It’s easy to take for granted the ease with which Kanye switches texture and mood on “I Thought About Killing You;” the way he uses space and silence on “All Mine;” the way the dark, Yeezus-esque production of “Yikes” reflects the claustrophobia at the convergence of mental illness, 2CB, and DMT; the way he discloses his hopes and fears regarding his daughter in “Violent Crimes.” The sparse production of “All Mine” is some of his most interesting, especially in its second half, with its bare-bones bass, snare, and occasional earth-shattering crashes — in a sense, it’s the stormy sequel to “Ni**as in Paris,” but better. I, for one, really love his much-hated line, “Let me hit it raw, like fuck the outcome/ Ayy, none of us would be here without cum.” I mean, he’s not wrong. There can be consequences to having pleasures, but those consequences aren’t always bad.

ye really does what a self-titled album should do: it says “Hey, this is who I am.” Even at 23 minutes, it almost feels like two different albums: an aggressive, dissonant one, and an empathetic, soulful one. Yet, those aren’t the two sides of Kanye, because those things exist in him simultaneously, all the time. On some level, he knows that in order to be who we really want to be, we have to reconcile who we are with what we most desire. He’s a husband and a father, but he still wants to go out and fuck; he’s been dealing with mental illness, but he’s still probably going to go H.A.M. and do that Fentanyl; he’s black, and he has unusual thoughts about slavery. Is it possible to have taken so many girls to the titty shop that you’ve lost count and also strive to become a good, protective father? Of course it is — that’s what makes us human, that we’re capable of change.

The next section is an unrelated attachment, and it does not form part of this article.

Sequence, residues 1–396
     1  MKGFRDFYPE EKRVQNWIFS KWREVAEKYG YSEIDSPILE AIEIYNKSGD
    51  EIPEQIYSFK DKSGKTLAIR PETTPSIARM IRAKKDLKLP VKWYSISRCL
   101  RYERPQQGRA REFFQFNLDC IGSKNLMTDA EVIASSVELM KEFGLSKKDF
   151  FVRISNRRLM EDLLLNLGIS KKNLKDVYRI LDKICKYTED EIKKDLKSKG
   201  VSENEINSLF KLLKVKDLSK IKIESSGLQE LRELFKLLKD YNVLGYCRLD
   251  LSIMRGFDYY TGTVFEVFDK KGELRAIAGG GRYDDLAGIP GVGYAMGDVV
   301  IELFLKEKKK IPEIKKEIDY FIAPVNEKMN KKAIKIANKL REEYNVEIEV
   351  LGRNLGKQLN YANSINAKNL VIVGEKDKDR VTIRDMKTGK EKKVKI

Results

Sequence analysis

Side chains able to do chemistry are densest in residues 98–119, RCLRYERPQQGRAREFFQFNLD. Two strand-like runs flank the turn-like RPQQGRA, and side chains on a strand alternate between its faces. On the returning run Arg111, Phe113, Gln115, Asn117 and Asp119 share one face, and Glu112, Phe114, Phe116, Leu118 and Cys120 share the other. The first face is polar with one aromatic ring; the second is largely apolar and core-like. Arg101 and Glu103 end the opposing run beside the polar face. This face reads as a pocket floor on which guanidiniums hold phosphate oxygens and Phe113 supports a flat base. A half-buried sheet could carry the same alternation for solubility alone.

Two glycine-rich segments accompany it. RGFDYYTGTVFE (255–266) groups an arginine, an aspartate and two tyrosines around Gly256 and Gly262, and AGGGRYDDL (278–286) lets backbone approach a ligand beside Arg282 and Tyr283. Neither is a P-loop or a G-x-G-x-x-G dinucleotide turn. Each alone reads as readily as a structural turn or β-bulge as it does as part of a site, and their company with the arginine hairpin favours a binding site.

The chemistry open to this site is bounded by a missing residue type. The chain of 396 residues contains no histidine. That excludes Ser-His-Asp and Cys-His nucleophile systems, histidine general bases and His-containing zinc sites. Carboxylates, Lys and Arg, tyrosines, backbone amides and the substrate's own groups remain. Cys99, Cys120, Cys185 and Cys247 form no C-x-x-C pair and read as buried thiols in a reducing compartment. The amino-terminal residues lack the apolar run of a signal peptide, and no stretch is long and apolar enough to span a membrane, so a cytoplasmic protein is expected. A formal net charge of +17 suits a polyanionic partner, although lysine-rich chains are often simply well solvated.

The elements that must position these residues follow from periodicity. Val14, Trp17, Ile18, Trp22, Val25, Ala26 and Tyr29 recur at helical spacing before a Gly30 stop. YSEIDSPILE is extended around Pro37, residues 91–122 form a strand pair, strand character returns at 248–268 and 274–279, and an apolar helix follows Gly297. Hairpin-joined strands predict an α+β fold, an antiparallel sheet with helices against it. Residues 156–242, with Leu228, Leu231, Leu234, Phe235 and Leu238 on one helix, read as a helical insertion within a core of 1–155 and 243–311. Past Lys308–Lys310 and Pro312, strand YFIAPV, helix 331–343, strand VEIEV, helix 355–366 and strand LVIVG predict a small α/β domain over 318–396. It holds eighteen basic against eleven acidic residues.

So what’s the difference between Kanye and the rest of us?


Some releases are so incredible we just can’t help but exclaim EUREKA! While many of our picks here defy categorization and explore the constructed boundaries between ‘music’ and ‘noise,’ others complement, continue, or rupture traditions that provide new forms and ways of listening. Not all of our favorites will be listed here, but we think each EUREKA! album is worthy of careful consideration. This section is a work-in-progress, so expect its definition to be in perpetual flux.